Each year, CECP, in association with The Conference Board, releases a comprehensive report of the corporate volunteering and giving industry. By surveying 271 companies (including 67 of the Fortune 100), and providing some of the best analysis in the business, the report details the clearest snapshot and benchmark for practitioners in this space.

The 2015 report was released last week.

At this time last year, we summarized the 2014 Giving in Numbers report with a blog entitled Workplace Giving & Volunteering: The Stats Your Boss is Asking For. For the 2015 Giving in Numbers report, we thought we would give you the stats you need to know. Below is a list of highlights from the report that may help you answer the following questions:

  • Am I doing the right thing with my program?
  • Am I thinking about the engagement of the individual in addition to the social impact I’m helping to create?
  • Where should I prioritize my limited budget to improve my program?

We strongly encourage you to read the entire report

The link between profit and purpose is a strong one.

In a year-over-year comparison, companies that gave 10% in cash and other donations financially outperformed those that didn’t. Proving causality is hard to do with a snapshot like this, but there are other studies that have proven the link, including this one from the London School of Economics.

But despite the evidence, few companies are measuring it. According to the survey, only 29% of participating companies are measuring the business value of corporate volunteering and giving programs. If you’re like most people in the industry, this is a burning question that you’ve always want answered. Some enlightened companies in Canada (aren’t all things enlightened in Canada?) are tackling the ROI of Corporate Volunteering in an effort to tie their programs directly to core business.

So as you toil away each day, wondering if you are making a difference to the health of your company, know that the work you are doing is making your company stronger. Sooner or later though, you’ll need to prove it.

Your company’s contributions likely represent only 0.1% of total revenue.

This should be cause for concern. Average contributions continue to hover at less than 1/10th of a percentage of total revenue. This number hasn’t changed over the past 3 years, despite the U.S. GDP growing 4% during that time. While some companies have increased their giving (more than half of those surveyed report this), others are pulling back, resulting in the number remaining stable. With global attention being paid to increasing social and environmental issues – and the United Nations rallying the world around the Global Goals – are your company’s contributions helping to match the scale of the issues the world is facing?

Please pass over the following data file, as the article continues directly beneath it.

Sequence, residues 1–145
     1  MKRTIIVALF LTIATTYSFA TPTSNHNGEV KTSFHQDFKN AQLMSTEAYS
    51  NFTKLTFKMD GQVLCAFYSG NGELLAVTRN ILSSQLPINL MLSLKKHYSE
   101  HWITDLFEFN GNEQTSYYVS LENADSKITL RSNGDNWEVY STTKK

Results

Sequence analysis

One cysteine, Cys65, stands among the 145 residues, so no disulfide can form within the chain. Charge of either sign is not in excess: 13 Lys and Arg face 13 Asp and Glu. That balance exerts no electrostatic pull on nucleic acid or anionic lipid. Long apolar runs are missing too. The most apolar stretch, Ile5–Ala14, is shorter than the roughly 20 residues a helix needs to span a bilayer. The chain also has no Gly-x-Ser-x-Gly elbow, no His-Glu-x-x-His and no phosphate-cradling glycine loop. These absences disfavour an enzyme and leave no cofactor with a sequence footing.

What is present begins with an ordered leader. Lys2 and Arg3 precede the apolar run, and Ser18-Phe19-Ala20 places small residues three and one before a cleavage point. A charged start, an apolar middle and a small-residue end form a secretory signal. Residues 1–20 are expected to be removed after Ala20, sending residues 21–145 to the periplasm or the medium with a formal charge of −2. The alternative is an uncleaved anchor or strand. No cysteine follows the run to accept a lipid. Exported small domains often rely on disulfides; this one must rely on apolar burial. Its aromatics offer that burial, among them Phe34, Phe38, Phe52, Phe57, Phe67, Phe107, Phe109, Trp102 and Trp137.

Participation rates are still low …

Like most in the industry, you have likely developed a matching gift program for donations and/or a dollars for doers program for volunteering. Providing an incentive continues to be one of the most popular ways to encourage your employees to get involved in the community. Despite this, participation rates for incentive programs continue to be shockingly low. The average participation rate for a year-round donation matching program is only 10%; and the average participation rate for dollars for doers programs is only 3%. While we’ve written extensively about this in the past, we were dismayed to learn that 65% of companies offering these types of programs were satisfied with their success!

While it may be encouraging to know that your program is in the same boat as your peers, it’s disheartening to know that everyone’s boat is slowly sinking. Which is why we were happy to learn …

Most community investment practitioners are tinkering with their programs.

The report revealed that 78% of respondents are planning on changing some aspect of their donation matching programs this year. This proves that we’re all still trying to figure it out; it shows a willingness to improve existing programs for greater impact. Some of the best companies in this space have incorporated some common elements to drive more engagement and participation. This includes leveraging the social capital of your “Champions”, developing opportunities that meet people at their highest level of contribution and creating meaningful events that make a difference to the beneficiary and the individual.

Your job is sexy right now!

Companies are seeing growth in FTEs responsible for community activities. Even when a company experiences a downturn, community investment teams either hold steady or grow. Not only are corporate teams resilient during downturns, but leadership teams are bringing “Chief Engagement Officers” closer to the C-suite. You may have noticed a shift in the past 18 months, as the “nice to have” community programs are being consulted on key elements of strategy in the company. This is an encouraging sign, and one not without precedence. Ten years ago, sustainability specialists were in the same position, but over time the position grew in stature. The same thing is happening with your job.


Questions about the survey? Your corporate program? Realized Worth designs and implements corporate volunteer programs. Call us to discuss opportunities for your company, or email us via contact@realizedworth.com. You can also reach out to us on Facebook and Twitter.

COREY RW PIC EDITED
Corey Diamond
Partner, Business Operations
coreydiamond@realizedworth.com
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